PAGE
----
Unions warn of public sector strikes on redundancy pay

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A commuter walks past the Whitehall road sign
Image caption,
Some civil servants have received payouts equivalent to six years' salary

Unions are warning of strikes after the government confirmed plans to change civil service redundancy payments.

One union leader called industrial action an "inevitability" if payouts to axed staff were to be reduced.

The government said the Civil Service Compensation Scheme would be reformed to bring it into line with "good practice" in the private sector.

PCS union chief Mark Serwotka said civil servants had "slightly" more generous conditions due to lower pay.

It had been thought unions were to meet ministers on Monday, but the PM's spokesman said no meeting had been scheduled.

'Economically illiterate'

Treasury figures suggest 600,000 public sector posts could go over the next five years, as the coalition tries to cut the record budget deficit.

Last month, the government lost a court battle over attempts to reduce redundancy payments, but unions fear emergency legislation could be brought in to reverse the ruling.

A Cabinet Office spokesman said: "As outlined in the coalition agreement, we are looking at ways to reform the CSCS [Civil Service Compensation Scheme] to bring it more into line with good practice in the private sector.

"Our intention would always be to seek to reach a negotiated agreement, which would include protection for lower-paid civil servants."

The Trades Union Congress is hosting discussions on what course of action to take at its headquarters in central London.

Ministers called the main civil service unions - also including GMB, Unite, Prospect, the First Division Association and the Prison Officers' Association - to a meeting at the Cabinet Office on Monday afternoon.

But this is expected to be cancelled and to be held on Wednesday instead.

Pay freeze

All the unions, except the Public and Commercial Services Union (PCS), have agreed to sign up to changes in redundancy, but the PCS represents about half of the civil service workforce.

Mark Serwotka, general secretary of the PCS, told the BBC that cutting jobs now would be "economically illiterate".

He said: "I believe there's no argument for any cuts in public services at all at the moment, that it would be a massive backward step that would throw up to a million more people on to the dole queue."

Mr Serwotka added: "They want to bring redundancy arrangements into line with the private sector but not do anything about pay.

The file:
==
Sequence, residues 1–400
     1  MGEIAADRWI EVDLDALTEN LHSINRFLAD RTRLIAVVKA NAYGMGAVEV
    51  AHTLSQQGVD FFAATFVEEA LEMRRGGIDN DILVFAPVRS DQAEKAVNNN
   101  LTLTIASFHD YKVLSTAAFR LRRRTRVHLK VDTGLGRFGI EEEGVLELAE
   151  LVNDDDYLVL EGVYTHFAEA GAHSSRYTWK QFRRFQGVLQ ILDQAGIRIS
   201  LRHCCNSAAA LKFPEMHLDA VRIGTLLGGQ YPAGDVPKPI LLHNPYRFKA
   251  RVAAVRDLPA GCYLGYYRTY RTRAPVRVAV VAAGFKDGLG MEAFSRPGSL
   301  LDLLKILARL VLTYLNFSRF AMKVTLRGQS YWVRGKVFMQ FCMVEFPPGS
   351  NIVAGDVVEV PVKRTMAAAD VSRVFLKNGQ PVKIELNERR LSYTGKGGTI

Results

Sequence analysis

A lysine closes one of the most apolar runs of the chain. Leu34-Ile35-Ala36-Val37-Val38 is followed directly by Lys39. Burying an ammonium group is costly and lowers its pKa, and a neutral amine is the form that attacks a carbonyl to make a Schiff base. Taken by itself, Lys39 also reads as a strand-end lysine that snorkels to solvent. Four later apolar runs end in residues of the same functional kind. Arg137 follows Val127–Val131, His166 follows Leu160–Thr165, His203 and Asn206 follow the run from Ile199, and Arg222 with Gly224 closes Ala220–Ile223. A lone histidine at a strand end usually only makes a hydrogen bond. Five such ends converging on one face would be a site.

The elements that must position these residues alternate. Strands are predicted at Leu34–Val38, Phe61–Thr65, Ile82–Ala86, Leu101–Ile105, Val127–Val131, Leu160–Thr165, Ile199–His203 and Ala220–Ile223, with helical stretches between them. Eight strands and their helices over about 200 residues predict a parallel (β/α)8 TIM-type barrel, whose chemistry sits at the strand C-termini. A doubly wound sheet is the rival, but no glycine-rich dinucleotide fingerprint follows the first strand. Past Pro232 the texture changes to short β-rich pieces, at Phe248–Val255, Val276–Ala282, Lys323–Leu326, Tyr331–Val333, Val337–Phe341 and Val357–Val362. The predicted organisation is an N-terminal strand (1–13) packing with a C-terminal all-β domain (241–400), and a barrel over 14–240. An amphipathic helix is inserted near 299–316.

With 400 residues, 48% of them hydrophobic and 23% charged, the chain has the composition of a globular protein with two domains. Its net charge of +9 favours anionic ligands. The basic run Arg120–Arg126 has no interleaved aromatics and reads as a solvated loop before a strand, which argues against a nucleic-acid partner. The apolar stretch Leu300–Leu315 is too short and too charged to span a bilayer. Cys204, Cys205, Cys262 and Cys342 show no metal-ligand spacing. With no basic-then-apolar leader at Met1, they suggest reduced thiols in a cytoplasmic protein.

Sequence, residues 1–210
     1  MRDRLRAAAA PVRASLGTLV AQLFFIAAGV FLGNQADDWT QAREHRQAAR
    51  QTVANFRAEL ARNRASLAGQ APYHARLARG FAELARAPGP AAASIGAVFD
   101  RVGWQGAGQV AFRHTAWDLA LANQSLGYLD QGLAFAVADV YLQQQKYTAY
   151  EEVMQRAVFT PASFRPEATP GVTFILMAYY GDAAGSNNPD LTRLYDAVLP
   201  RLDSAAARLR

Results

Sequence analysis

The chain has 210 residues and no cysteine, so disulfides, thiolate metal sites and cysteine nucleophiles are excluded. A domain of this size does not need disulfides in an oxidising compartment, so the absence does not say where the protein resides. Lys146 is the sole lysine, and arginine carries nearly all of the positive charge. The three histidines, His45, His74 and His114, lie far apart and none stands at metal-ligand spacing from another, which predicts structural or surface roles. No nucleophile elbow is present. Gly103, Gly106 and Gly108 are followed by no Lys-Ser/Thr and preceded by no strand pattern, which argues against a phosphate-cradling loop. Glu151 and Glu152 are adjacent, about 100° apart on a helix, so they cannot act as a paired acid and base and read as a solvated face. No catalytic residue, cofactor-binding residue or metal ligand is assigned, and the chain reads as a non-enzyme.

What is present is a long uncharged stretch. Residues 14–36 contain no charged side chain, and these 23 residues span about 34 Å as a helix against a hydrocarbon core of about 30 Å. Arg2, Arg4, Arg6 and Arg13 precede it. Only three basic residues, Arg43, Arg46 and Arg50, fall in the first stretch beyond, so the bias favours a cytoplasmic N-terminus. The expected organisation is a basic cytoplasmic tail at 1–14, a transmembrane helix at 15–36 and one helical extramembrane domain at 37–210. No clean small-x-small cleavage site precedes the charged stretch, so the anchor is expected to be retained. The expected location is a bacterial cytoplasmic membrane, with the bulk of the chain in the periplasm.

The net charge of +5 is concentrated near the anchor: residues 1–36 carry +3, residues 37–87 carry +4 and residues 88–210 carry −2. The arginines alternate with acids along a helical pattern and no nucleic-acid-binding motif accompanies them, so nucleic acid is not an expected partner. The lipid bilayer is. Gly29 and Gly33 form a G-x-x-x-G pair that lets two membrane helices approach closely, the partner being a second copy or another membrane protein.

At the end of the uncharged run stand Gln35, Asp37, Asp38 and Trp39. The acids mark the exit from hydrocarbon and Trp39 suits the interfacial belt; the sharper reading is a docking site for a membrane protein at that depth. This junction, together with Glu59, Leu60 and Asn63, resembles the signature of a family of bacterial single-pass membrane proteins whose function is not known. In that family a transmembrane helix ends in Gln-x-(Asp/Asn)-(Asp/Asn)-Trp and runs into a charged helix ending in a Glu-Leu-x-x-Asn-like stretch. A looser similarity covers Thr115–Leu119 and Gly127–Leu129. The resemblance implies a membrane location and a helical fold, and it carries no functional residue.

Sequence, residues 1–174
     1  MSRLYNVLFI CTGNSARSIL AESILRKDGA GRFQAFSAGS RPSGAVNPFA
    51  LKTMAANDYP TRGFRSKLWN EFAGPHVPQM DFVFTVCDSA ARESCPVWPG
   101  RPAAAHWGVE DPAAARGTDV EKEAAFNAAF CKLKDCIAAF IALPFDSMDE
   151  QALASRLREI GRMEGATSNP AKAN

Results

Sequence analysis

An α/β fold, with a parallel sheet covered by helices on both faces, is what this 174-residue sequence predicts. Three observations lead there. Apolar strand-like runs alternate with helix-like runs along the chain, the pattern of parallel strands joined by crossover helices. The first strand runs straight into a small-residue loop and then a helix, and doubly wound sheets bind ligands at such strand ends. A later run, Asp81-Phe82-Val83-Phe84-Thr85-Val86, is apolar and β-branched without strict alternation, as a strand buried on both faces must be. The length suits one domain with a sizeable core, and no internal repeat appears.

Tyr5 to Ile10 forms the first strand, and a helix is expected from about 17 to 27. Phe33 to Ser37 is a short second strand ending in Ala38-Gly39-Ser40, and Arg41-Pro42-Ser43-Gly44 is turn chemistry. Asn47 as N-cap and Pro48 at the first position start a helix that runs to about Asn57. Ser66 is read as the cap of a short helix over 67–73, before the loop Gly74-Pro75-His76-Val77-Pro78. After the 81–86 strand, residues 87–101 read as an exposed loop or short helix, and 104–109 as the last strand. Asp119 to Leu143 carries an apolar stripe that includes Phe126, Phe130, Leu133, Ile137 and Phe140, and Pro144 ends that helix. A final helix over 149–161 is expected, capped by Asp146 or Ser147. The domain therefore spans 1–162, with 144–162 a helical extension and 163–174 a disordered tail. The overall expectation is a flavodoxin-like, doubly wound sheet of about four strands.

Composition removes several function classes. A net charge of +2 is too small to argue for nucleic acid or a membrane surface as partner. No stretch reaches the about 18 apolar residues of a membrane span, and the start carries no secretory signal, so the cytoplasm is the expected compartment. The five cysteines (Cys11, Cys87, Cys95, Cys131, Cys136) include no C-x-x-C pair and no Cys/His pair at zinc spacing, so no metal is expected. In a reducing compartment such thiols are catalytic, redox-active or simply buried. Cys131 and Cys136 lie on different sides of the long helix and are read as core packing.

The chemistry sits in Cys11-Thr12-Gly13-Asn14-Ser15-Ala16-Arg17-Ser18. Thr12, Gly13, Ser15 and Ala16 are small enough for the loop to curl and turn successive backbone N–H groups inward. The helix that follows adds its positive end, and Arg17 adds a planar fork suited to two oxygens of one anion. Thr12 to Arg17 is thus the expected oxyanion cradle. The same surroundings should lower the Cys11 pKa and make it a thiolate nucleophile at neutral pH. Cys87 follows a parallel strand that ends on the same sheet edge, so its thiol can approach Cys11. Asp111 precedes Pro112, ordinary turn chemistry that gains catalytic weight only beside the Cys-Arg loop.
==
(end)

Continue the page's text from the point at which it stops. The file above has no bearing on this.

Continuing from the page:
"And the reality is about pay. The civil service is nearly 7% behind comparable jobs in the public sector and even more in the private sector, because the balance used to be [that] we got less pay but some of the other conditions were slightly more generous.

"This is about reducing those conditions whilst also giving us a pay freeze and doing nothing about the pay gap that has existed for decades."

He added: "If we get a tax on pensions and jobs and pay, I think that the inevitability of industrial action stares us in the face."

BBC political correspondent Gary O'Donoghue says the compensation scheme has in the past resulted in some payouts equivalent to six years' salary.

If agreement on reform could not be reached, ministers would have to amend the 1972 Superannuation Act, which established the redundancy rules.

Unions say letters have already gone to heads of human resources telling them they should not assume the status quo will last for more than the next couple of months.

It emerged at the weekend that Chancellor George Osborne had ordered most government departments to draw up plans for budget cuts of up to 40%, as they prepare for October's spending review.

Treasury sources have insisted it is only the start of the review process and that no department will face cuts on that scale, although it appears likely that some may lose a third of their funding.

It has led to fears that the scale of job losses could be larger than the 600,000 anticipated in Treasury figures.

Labour leadership candidate Ed Miliband criticised the government for engaging in "megaphone diplomacy" over cuts.

He told the BBC: "I don't actually think that is a very constructive way of going about making difficult decisions."

Cabinet Office Minister Francis Maude, the architect of the CSCS changes, is due to address senior civil servants about the government's approach at a conference on Tuesday.

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